05/18/2009 05:12 am ET | Updated Nov 17, 2011

Do Lap Dances and Humiliation Treat ADHD -- and Should Public Schools Pay?

In today's Time Magazine online, I have an article about a school -- Mount Bachelor Academy -- which is part of a Supreme Court case to be argued on April 28. The Court will answer the question of whether parents can sue to get reimbursement for private residential schools like Mount Bachelor, if their disabled child hasn't first tried public special education. In this case, the child's disability was ADHD.

For the article, I interviewed more than ten students, two unrelated parents and a current employee who describe bizarre, abusive, one-size-fits-all "therapies" that are neither educational or therapeutic. Most of the teens I spoke with say they had witnessed or were personally made to perform lap dances or other sexualized activity in front of dozens of peers and staff. The school's management denies all allegations of wrong-doing.

It may be the case that parents should have access to the courts if they feel that their school's plan for their child with a disability is wrong. The Supreme Court will make that decision.

However, I think it's very difficult to argue that sexual humiliation, sleep deprivation, food deprivation and isolation from family (kids are only allowed one ten-minute, monitored phone call every other week for months on end, no calls if they are punished) is an effective treatment for ADHD, depression, addiction or any other form of teen misbehavior or mental illness.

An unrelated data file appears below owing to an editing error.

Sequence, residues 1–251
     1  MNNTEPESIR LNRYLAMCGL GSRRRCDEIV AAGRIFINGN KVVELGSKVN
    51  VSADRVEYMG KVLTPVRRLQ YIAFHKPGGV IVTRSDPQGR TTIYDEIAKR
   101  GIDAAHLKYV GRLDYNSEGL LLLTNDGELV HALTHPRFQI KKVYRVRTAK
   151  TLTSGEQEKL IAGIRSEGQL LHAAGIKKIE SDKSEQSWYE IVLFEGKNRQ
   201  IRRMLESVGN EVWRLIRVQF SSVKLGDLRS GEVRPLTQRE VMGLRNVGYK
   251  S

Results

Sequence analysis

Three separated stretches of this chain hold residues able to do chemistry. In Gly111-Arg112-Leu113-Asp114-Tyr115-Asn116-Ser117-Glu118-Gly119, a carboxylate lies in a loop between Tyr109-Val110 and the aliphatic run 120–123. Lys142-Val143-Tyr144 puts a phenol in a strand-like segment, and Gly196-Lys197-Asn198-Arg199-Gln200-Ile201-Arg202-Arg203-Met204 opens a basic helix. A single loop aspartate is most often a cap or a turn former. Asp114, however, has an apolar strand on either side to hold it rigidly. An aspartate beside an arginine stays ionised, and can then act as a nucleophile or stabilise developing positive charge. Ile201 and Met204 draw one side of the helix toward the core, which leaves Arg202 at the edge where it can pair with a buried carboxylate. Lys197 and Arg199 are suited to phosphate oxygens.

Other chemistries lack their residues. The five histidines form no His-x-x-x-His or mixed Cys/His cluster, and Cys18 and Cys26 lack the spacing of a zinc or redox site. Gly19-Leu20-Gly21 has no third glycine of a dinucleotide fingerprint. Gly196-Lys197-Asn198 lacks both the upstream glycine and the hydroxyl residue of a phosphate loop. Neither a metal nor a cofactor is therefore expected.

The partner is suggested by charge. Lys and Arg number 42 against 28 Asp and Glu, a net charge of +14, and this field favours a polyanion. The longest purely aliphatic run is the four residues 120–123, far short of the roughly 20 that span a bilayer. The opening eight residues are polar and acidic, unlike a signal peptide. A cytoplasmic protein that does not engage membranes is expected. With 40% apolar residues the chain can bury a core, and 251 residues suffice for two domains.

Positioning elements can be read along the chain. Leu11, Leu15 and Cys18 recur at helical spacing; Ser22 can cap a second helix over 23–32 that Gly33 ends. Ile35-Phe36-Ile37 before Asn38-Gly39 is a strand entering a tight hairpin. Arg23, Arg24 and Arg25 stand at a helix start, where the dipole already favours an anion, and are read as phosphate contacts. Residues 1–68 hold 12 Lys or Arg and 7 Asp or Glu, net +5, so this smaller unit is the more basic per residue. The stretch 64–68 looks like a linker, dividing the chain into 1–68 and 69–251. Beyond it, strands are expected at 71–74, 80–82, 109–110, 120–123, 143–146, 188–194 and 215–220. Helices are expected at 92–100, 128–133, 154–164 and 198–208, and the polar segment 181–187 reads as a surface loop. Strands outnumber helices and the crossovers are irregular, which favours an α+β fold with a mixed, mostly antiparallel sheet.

Though the school denies that it uses degrading tactics, reports of them have come from students, former employees and parents for decades.

Mount Bachelor is part of Aspen Education -- believed to be the largest chain of teen residential programs in the U.S. Aspen, as part of CRC Health, which is owned by Bain Capital, was seen by advocates as much more sedate and less given to wacky practices than clearly "out there" programs like those associated with the World Wide Association of Specialty Programs and Schools (WWASP or WWASPS). At one WWASP school, for example, teens were kept in outdoor dog cages.

The stories of psychological abuse coming out of Mount Bachelor -- a few of which are included in my Time piece -- are every bit as bad as I have heard from teens and parents at chains of programs that have far worse reputations.

Under the IDEA act -- the special education law for people with disabilities -- kids are supposed to be treated in the least restrictive setting with evidence-based approaches. Evidence-based treatment requires that teens have maximum contact with their families, be treated with dignity and respect and be empowered and given real choices.

It does not appear that Mount Bachelor meets anyone's definition of a "least restrictive environment" or that its treatment is based on accepted research data.